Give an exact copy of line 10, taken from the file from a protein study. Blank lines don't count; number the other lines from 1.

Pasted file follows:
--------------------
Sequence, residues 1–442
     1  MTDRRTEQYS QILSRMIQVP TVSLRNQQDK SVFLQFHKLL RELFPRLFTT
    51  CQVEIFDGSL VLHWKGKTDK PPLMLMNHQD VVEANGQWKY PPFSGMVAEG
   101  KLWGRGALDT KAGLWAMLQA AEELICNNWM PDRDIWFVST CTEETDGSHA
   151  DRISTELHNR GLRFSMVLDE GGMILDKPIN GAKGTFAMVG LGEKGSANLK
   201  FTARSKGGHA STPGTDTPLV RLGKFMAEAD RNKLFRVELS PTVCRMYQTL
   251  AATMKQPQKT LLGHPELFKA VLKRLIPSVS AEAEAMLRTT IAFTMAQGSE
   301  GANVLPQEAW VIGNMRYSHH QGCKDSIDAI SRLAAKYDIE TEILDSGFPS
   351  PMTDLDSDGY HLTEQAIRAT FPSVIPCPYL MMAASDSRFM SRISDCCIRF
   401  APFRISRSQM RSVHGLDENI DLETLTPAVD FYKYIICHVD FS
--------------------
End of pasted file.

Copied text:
   401  APFRISRSQM RSVHGLDENI DLETLTPAVD FYKYIICHVD FS